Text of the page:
Skoda Kodiaq PHEV Review

Price: £40,000 - £50,000 (est) score


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Skoda’s much-loved, large family SUV gets a full update, and joins the electrified revolution with a plug-in hybrid model. 

  • Battery size: 19.7 kWh (net)
  • Company car tax: TBC
  • Emissions: TBC
  • Range: 62 miles (electric)
  • Fuel economy: TBC

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  • Battery size: 19.7 kWh (net)
  • Company car tax: TBC
  • Emissions: TBC
  • Range: 62 miles (electric)
  • Fuel economy: TBC

Ginny Says

“The Skoda Kodiaq is such a great family; it just does what you want it to do, without fuss, and getting it just right for balance of quality, affordability and versatility. ”

Tom Says

“Skoda has become synonymous for offering decent value, but in recent years it's also become much more desirable. I'd have a Kodiaq over a VW Tiguan, or an Enyaq over the ID.4 - and not just because of the money stuff. ”

The Skoda Kodiaq has proven hugely popular with over 800,000 sold in its eight years on sale. Its second coming brings mild and plug-in hybrid power to boost its appeal even further.

Sharing tech and engines with the latest VW Tiguan, the new Skoda Kodiaq arrives in UK showrooms with standard petrol and diesel options, but the plug-in hybrid (PHEV) is likely to hoover up most company car sales and could be a winner for families who can charge at home. It pairs a 1.5-litre petrol engine with a modest electric motor for a 201bhp output and an official electric-only range of 62 miles.

Range, battery & charging

The Skoda Kodiaq PHEV gets a 19.7kWh battery that powers a 113bhp electric motor for double the e-range of Skoda’s previous plug-in hybrid options - none of which were SUVs. While VW offers two specs of Tiguan eHybrid, with 201- or 268bhp peaks, Skoda only offers the former for now. Expect the higher powered version to appear later, perhaps wearing the brand’s popular vRS performance badge and appropriately assertive styling.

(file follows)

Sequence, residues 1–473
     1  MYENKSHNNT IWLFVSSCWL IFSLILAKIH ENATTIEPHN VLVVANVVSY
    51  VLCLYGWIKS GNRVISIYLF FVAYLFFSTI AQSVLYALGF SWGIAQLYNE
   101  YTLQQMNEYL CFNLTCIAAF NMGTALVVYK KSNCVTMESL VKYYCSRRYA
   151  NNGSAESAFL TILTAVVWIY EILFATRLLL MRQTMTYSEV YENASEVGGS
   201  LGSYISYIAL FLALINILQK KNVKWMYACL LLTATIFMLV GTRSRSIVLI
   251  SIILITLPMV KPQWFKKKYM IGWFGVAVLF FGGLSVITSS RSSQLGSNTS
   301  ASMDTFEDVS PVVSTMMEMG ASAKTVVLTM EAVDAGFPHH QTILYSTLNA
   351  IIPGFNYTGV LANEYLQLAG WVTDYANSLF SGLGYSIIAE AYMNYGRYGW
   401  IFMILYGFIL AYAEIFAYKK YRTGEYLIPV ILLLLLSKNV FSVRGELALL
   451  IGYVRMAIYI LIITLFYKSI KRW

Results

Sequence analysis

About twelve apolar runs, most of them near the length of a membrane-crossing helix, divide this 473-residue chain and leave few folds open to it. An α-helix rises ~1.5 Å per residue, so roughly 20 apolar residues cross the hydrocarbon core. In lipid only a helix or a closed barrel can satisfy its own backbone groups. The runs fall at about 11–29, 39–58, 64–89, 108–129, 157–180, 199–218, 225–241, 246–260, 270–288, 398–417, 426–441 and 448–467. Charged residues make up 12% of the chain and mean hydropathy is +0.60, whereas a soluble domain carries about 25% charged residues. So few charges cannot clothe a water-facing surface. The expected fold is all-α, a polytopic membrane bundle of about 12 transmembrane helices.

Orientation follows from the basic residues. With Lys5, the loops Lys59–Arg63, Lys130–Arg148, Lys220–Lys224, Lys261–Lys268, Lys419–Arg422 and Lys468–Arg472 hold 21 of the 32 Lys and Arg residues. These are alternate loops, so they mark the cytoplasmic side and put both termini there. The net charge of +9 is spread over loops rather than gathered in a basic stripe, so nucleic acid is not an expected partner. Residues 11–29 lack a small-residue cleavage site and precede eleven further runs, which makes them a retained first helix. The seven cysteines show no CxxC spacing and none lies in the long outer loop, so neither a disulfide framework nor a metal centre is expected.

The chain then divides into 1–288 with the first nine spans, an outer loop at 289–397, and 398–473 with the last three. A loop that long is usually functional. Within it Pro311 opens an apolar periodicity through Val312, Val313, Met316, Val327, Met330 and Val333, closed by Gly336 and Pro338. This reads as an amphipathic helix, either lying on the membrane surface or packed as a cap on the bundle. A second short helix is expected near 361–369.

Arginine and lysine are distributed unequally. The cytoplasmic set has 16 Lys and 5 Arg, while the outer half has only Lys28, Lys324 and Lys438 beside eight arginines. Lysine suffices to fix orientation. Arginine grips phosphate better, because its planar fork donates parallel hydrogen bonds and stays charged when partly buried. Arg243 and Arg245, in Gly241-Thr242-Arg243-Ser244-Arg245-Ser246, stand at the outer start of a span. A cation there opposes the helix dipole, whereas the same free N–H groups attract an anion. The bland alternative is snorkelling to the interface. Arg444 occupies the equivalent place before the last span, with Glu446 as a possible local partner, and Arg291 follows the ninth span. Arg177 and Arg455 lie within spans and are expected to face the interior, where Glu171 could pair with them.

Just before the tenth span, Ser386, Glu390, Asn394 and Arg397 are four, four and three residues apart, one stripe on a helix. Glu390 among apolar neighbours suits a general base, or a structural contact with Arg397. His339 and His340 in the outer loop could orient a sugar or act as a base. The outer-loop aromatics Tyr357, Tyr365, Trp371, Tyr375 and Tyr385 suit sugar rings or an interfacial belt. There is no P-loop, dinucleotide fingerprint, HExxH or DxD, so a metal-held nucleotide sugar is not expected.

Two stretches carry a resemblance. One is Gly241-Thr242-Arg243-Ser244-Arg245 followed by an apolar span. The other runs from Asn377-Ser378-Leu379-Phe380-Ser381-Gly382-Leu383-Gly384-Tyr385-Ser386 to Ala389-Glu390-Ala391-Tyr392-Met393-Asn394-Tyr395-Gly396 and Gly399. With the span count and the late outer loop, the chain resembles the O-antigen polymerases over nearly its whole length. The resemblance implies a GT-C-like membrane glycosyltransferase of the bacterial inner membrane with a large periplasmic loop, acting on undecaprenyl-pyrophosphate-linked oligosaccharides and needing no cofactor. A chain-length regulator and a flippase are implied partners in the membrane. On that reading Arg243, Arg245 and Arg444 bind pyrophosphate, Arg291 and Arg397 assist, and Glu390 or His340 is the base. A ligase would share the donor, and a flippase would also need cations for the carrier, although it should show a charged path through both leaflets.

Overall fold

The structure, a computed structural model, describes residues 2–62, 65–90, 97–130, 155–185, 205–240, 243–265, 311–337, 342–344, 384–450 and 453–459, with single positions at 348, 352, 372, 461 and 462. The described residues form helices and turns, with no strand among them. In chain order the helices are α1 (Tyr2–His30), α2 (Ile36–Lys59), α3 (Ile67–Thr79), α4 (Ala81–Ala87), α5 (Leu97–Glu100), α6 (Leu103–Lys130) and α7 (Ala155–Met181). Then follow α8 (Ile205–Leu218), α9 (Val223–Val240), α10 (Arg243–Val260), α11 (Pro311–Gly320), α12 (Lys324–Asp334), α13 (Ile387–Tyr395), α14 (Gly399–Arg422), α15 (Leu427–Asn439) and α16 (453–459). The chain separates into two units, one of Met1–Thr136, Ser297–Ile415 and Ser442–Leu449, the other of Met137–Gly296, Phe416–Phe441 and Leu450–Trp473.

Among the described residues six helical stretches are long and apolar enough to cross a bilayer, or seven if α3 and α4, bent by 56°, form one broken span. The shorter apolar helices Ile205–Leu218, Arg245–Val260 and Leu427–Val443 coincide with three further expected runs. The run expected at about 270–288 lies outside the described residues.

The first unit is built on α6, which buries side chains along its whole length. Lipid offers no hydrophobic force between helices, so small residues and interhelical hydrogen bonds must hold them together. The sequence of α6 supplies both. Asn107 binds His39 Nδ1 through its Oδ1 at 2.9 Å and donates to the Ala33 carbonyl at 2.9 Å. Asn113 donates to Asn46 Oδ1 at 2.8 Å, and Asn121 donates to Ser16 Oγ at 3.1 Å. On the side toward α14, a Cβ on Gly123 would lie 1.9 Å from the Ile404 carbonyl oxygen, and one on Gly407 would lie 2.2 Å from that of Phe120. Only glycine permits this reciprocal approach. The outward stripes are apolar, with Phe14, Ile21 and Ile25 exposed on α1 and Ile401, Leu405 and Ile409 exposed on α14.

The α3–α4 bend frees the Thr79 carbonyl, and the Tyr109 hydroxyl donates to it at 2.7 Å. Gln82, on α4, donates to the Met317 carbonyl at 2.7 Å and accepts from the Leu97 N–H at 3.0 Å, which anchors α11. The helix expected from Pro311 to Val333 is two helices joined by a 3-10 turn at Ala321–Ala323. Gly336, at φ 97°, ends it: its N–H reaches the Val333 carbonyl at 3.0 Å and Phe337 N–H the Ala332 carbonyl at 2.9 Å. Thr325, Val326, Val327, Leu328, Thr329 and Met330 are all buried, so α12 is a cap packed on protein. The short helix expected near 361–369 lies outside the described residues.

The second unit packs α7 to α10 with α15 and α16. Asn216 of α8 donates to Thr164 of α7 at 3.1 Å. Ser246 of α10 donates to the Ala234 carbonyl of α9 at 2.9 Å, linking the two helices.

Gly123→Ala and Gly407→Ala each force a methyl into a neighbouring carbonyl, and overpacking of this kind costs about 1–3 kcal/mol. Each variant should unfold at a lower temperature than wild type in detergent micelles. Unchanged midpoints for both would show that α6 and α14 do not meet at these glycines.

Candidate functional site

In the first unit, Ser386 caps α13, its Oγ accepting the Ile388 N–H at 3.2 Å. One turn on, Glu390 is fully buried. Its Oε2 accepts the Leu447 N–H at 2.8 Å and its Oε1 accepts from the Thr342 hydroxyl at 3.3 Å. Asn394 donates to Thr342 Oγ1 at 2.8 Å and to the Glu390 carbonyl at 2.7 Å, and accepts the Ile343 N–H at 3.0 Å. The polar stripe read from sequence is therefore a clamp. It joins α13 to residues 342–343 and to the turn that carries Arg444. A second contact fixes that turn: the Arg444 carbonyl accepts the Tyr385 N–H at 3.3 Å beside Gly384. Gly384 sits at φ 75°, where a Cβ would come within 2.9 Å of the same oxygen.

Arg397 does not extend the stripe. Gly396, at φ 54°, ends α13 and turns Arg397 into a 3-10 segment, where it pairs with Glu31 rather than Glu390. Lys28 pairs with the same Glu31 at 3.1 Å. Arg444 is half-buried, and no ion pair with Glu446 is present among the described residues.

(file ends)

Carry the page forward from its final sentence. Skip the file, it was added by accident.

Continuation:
The battery will charge at up to 11kW on a home wall box, but it'll also charge at up to 50kW at DC rapid charging stations - which is useful, as not many PHEVs offer rapid charging.  

Expect a full top-up to take 2-3 hours at home or around 30 minutes at a rapid charger. Charged up to 100 per cent, Skoda quotes a WLTP range of 62 miles, so factor in the Kodiaq’s fuel tank and you ought to get 550 miles with both petrol- and electric power combined.

Practicality & boot space

Here’s where the Skoda opens up a huge gap over its Volkswagen cousin. This second-generation Kodiaq has grown slightly in length over its predecessor and, with an identical wheelbase, it’s all been channelled into the boot space. With all five seats in place, you get 745-litres of luggage capacity. Flip the back seats down and its 1,945 litres will trump most estate cars. 

The only disappointment is that the PHEV’s battery location has stopped Skoda from squeezing in the third row of seats, meaning that the Kodiaq PHEV doesn't get the seven-seat layout of conventional petrol and diesel Kodiaqs. Still, there's tons of headroom for rear passengers, and rear legroom remains almost comically generous. Plus, the rear seats slide fore and aft in a 60/40 split to further boost practicality. So, while we'd love to see the Kodiaq PHEV joining the likes of the Volvo XC90, Mercedes EQB and forthcoming Peugeot e-5008 for electrified seven-seater status, there's no doubting that this is one of the roomiest and most versatile five-seat plug-in hybrid SUVs. 

Another Skoda speciality is a host of common-sense touches across the car. As well as its usual trick of tucking an ice scraper in the fuel filler cap and an umbrella in the door, the new Kodiaq adds ventilated wireless phone charging pads (so that your phone doesn't overheat while it's charging) and a bunch of new cubbyholes. Manual gearboxes are no longer available and Skoda has seized the opportunity to move the DSG automatic gearbox's controls up to a stalk on the steering column - freeing up even more storage in the centre console.

While the petrol and diesel Kodiaq 4x4s offer up to 2300kg of towing capacity, the front-driven PHEV claims 1800kg.

Interior & technology

Skoda has gone big on sustainable materials, and many of the Kodiaq’s fabrics are made from recycled plastic bottles. Opt for leather trim, and its tanning process has been done via coffee-bean waste instead of nasty chemicals. If it all sounds a bit too noble, then worry not; these materials look and feel cool and lift the cabin ambience above the slightly dark, plasticky nature of older Skodas (and indeed other VW group products).